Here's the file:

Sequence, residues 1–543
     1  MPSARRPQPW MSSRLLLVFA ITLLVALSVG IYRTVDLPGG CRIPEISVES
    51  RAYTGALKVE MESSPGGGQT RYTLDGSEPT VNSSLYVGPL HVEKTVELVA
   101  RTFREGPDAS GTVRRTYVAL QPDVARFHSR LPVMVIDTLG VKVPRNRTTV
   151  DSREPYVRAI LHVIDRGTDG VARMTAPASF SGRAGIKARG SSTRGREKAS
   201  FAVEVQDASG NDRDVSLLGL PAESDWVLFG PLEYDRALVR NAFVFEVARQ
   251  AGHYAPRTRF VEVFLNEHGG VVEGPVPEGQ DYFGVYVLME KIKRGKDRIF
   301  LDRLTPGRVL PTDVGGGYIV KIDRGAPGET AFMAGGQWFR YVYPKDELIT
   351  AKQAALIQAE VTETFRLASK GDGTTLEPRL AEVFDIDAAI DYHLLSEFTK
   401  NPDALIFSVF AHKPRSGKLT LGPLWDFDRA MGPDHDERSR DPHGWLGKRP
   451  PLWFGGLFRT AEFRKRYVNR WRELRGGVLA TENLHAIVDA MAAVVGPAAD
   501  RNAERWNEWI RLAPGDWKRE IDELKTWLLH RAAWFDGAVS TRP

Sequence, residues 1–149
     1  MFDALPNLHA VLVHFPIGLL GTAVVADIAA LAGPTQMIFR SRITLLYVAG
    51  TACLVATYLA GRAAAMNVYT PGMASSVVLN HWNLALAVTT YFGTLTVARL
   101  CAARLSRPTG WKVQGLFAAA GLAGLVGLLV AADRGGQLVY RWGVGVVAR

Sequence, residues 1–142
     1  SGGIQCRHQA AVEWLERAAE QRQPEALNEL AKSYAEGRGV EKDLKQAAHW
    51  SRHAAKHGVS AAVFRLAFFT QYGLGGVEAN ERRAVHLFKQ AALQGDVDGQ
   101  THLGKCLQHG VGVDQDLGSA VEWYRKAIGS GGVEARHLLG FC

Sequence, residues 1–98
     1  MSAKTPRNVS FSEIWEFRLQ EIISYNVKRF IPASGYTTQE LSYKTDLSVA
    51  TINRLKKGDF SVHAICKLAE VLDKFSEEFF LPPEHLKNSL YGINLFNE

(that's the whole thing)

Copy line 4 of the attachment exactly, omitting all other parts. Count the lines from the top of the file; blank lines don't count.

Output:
   101  RTFREGPDAS GTVRRTYVAL QPDVARFHSR LPVMVIDTLG VKVPRNRTTV